answers to your divorce questions

« Back to Home

Contesting A Will

Posted on

The United States justice system is unique because it's not about closed-door processes. Many of the matters that come before the court allow for the knowledge and input of the public, including will filling. After the death of an individual, certain people have a legal right to contest the will if they have concerns about its validity. Learn more about this process.


The court does not serve as a stomping ground for those individuals who simply want to take their personal grievances out with another person. For this reason, there are set criteria and guidelines in place that determine when a will can be contested. 

Typically, you need to prove that the will was signed under duress, that the individual lacked the mental capacity to complete the document, the will does not meet state guidelines, such as having the appropriate number of signatures, or that the document is not authentic. 

If you can successfully argue and prove one of these facts, you are likely to be successful. Additionally, you must also be a direct heir to the will or someone who would be directly affected by the outcome of the filing. 


Having legal grounds to contest the will is just the beginning, you also need to file. The most critical matter when it comes to this part of the process is time. All states have a limit on the process. In some states, you may have around a month after the individual's death and the filing of the will to contest it.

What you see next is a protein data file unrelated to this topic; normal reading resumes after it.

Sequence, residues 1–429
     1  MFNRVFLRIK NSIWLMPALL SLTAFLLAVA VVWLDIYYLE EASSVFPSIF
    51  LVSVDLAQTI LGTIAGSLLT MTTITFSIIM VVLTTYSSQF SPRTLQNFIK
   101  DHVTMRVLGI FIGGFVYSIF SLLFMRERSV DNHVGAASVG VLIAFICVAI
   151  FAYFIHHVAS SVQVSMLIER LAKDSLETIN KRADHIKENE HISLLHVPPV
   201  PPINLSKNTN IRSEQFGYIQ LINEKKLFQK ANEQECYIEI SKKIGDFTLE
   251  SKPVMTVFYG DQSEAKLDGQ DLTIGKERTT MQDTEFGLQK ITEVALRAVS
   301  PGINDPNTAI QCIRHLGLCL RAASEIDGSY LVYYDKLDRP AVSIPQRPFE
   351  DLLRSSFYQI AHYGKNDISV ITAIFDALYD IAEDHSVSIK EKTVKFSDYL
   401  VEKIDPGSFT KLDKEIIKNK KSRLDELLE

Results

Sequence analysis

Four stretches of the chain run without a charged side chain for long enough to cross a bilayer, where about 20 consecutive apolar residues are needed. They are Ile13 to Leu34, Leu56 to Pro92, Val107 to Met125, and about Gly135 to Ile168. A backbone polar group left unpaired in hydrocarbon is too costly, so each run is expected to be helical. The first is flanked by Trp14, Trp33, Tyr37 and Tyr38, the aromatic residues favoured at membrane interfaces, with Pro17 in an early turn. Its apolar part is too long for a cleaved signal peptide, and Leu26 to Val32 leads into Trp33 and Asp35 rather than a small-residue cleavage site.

In other states, the time limit last for years. Keep in mind; if you and the deceased live in two different states, you must file the contest based on the guidelines of the state in which the deceased lived. 


Provided the time deadline is met, after the filing of the contest, a judge will review the matter. The judge will look for proof that the will meets the necessary criteria. If the judge determines that the will is invalid, he or she can toss the will out. 

In this instance, a previously prepared will would become the benchmark. If there is no other will, the judge can use state guidelines and discretion to determine how the estate of the deceased will be distributed. The latter of these two processes typically takes a longer time to complete. 

Do you question the validity of the will? Determine whether or not you have legal standing to make your argument in court. Contact an attorney who can assist you in facilitating the filing process. Visit a site like for more information.